children. No one who knew her said unkind things about
Mrs. Edwards. I am sure she was normal, and so are her
descendants so far as I could learn. Whatever blight there
was in the family, Mrs. Edwards and her children and their
children escaped it."

It shows how relatively easy it is for people to miss these things when it isn't told to them directly.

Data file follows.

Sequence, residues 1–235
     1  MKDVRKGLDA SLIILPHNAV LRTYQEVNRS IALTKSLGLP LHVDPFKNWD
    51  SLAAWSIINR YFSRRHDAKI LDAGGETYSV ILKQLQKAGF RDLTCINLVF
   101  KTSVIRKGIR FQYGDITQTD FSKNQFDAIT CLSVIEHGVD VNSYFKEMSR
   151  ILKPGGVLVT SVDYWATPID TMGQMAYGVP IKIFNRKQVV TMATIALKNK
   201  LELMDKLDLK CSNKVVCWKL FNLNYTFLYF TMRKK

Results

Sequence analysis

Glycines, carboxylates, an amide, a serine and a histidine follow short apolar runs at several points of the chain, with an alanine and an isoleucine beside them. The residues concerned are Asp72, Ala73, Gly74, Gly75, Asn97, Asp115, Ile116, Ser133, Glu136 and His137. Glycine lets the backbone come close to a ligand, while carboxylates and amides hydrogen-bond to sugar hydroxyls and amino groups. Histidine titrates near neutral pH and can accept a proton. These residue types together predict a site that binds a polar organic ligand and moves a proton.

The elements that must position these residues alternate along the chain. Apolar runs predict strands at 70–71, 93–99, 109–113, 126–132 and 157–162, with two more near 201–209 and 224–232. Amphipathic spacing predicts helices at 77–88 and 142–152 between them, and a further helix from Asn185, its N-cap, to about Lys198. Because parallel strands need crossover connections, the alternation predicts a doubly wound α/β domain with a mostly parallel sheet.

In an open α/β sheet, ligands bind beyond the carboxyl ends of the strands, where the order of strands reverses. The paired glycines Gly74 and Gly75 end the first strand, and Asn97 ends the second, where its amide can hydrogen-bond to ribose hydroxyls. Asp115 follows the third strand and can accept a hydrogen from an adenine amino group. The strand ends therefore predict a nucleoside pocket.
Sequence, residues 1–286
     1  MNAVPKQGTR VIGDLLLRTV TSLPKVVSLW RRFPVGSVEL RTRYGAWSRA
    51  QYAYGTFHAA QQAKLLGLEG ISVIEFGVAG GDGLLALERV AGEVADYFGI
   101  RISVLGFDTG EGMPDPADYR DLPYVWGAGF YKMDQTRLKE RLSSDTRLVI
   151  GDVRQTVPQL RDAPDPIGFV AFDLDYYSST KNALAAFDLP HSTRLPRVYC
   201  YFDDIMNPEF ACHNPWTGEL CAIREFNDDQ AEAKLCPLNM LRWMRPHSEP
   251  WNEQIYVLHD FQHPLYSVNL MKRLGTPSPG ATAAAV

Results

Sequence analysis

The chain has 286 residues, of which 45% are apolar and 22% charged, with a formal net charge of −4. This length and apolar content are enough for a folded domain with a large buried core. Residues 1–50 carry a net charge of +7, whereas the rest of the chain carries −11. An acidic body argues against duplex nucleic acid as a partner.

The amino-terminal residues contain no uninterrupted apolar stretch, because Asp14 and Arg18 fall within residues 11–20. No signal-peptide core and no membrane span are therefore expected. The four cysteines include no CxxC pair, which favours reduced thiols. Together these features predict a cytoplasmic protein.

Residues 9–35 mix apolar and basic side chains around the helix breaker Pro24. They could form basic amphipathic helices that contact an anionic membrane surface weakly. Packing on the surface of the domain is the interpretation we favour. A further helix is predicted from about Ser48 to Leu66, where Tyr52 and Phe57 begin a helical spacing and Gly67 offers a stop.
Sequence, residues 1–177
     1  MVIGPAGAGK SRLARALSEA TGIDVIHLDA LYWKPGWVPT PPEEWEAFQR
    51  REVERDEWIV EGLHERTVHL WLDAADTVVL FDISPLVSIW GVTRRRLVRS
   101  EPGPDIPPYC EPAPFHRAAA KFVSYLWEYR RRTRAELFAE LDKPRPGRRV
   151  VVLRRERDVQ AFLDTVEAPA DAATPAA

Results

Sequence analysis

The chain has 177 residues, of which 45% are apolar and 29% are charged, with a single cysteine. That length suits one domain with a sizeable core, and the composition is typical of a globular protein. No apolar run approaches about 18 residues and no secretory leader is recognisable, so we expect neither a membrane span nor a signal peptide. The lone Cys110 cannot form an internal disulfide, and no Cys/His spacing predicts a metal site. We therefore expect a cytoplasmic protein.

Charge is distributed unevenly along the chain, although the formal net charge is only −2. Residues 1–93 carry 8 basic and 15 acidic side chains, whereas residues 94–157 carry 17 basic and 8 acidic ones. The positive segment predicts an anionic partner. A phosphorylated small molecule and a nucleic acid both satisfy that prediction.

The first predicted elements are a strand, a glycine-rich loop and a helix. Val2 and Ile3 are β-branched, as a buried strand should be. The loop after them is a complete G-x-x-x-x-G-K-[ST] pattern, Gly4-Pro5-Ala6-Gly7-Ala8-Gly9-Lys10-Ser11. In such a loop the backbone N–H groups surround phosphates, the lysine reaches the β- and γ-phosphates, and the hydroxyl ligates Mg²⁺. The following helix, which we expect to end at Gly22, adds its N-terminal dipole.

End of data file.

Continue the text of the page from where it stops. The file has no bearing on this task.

Mary's broader sympathies are too little brought up. I think she was sincere when she said she wanted more money in part to give to charities and set up a sort of foundation. She showed capacity to grow and empathize later in life, just like Lincoln did. She's often described as snobbish, but she was friends with Jane Swisshelm, who purposely only wore one ugly dress her whole life to make a statement. We still don't know exactly who she hung with in her final years in Europe, but she seemed to have a diverse group of friends. And in terms of recognizing differences, Mary many times comments that Robert is reserved and likes to be more quiet, and she clearly recognizes and respects that, even if she doesn't always go along with it. Robert never makes a comment along those lines, and, most notably, never mentions her intelligence, which many people mention as the most striking thing about her. In fact, he seems to have totally underestimated her, and Myra Bradwell (who seems to have been a known figure in Chicago). But then when he's arguing with the attorneys about whether he can step down as conservator before a year has passed, he finally in exasperation asks Mary to read the laws and give her opinion, which agrees with his. All the others were misreading it. He knew she would get it, and stop pushing for immediate freedom. I think that Mary took great pride in researching those laws and writing her own petition to the court (and trying to stir up a hit piece on the men involved, which sure would have been interesting.) It was one of the few intellectual pursuits she was able to do, even though it was under bad circumstances.